Our first concern is long-term housing stability for assisted families. Confidential, separate screening interviews help ensure that family participation in the program is well-considered and entirely voluntary. Families decide whether they want to participate, and whether a particular member is right for them. This pilot program simply allows an additional choice to families who want one.

If you would like to learn more about the pilot re-entry program,or to set up a confidential referral interview, please contact one of HACLA’s Section 8 Ombudspersons:

Angelina Zargaryan, 213-252-5420 or [email protected]
Serina Cannon, 213-252-1613 or [email protected]
Billye Fairley, 213-252-2668 or [email protected]
Jose Gutierrez, 213-252-2596 or [email protected]

The Housing Opportunities for Persons with AIDS (HOPWA) Program was established in 1991 by the AIDS Housing Opportunities Act to provide support for housing assistance and services to low-income persons with HIV/AIDS and their families. HOPWA program strategy is to allow states and metropolitan areas that have a high incidence of AIDS cases to design long-term comprehensive strategies to meet the housing needs of persons with AIDS. HUD awards HOPWA funds to one government entity in each eligible metropolitan area. In Los Angeles, the Los Angeles Housing Department (LAHD) is the coordinating agency administering HOPWA grant funds for all of Los Angeles City and County.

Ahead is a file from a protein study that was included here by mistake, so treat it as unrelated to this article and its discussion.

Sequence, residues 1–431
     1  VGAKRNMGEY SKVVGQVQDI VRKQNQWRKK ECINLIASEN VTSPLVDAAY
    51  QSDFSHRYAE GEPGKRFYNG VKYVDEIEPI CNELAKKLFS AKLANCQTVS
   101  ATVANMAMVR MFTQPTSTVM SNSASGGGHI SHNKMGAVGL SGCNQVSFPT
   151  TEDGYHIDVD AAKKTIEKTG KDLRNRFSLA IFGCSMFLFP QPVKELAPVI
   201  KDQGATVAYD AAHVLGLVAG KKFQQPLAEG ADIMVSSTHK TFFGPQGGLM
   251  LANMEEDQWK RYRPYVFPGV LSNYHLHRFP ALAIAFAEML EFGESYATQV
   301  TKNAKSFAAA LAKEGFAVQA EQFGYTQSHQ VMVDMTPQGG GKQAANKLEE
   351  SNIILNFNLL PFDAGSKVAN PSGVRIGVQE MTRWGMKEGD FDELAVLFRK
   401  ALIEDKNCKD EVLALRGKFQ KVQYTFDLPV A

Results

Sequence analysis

The Housing Authority serves on the Los Angeles County-wide HOPWA Advisory Committee (LACHAC) along with representatives from city and county government, health services, and AIDS advocates, to develop a coordinated plan using HOPWA grant funds for a variety of housing and supportive services.

Tenant-Based Rental Assistance

The HOPWA Tenant-Based Rental Assistance Program, modeled on the Section 8 Voucher Program, provides long-term affordable housing choices for individuals and families living with HIV and AIDS. HOPWA applicants contact the Housing Authority via phone to apply for the program.

Currently closed for new applicants.

The Housing Authority also operates a Fast Track component, accepting applications directly from eligible households and referring applicants to contracted agencies for long-term service needs or immediate assistance, if necessary.

Project-Based Rental Assistance

The Housing Authority works with two non-profit housing providers, Hollywood Community Housing Corporation and West Hollywood Community Housing Corporation, to provide affordable housing for 32 households.

Silvia Young 
HOPWA Assistant Housing Manager
(213) 252-2047

Content Last Updated: October 7, 2021